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Constipation occurs when a child has a very hard stool that is difficult to pass or is not going to the toilet very often.

There is a lot of variation in what is normal for bowel motions in children, for example; breast fed babies can have a bowel motion with every nappy change or only once a week. Bottle fed babies and older children will tend to pass stools once every 1 – 3 days. This stool is soft.

Constipation is very common in children and it may start at weaning onto solids or when starting toilet training and may be as a result of withholding stools after a painful or frightening experience.

The signs include; difficulty with passing stools, passing very hard stools or large stools, abdominal pain, withholding behaviours such as crossing legs, crying or hiding with the urge to pass stools and sometimes overflow incontinence when small amounts of stool are passed into underwear without the child being aware.

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There’s Lots of Things You Can Do to Help with Constipation:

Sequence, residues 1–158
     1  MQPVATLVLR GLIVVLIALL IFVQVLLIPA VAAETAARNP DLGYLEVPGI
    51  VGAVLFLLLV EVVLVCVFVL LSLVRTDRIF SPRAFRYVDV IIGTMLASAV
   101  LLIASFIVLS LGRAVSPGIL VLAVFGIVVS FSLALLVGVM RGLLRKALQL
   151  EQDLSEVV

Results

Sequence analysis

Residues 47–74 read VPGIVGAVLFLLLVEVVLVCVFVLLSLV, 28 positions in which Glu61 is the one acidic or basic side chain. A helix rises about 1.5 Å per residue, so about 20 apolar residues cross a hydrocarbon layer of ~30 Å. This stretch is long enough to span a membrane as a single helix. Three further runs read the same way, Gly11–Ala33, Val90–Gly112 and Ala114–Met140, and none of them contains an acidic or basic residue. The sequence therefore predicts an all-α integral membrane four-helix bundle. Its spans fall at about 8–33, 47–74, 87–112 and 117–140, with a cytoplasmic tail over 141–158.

• Encourage a healthy diet with lots of fruit and vegetables and natural fibre e.g. cereals.
  • Try prune juice which is a mild natural laxative that can work well in some children.
  • Encourage exercise.
  • Establish a regular toilet routine sitting on the toilet for 3-5 minutes, 3 times a day after main meals. ‘Bowel training’ requires motivation and encouragement – so use a star chart system of rewards to help your child to go and sit on the toilet. This will help your child get used to doing a bowel movement at a similar time each day.
  • If your child doesn’t like going to the toilet at school, ask them why? If it is a cleanliness issue, a problem with the doors / facilities or perhaps other children making your child feel uncomfortable – have a discussion with your child’s teacher.

Most children will improve, however, if you have concerns see your GP. They may recommend the use of laxatives that soften the stools to encourage regular soft motions. It is better to use the stool softeners daily for a longer period consistently as it takes a few weeks to months to establish a routine.

 

Story By: Dr Betty Wamola, Townsville Paediatrics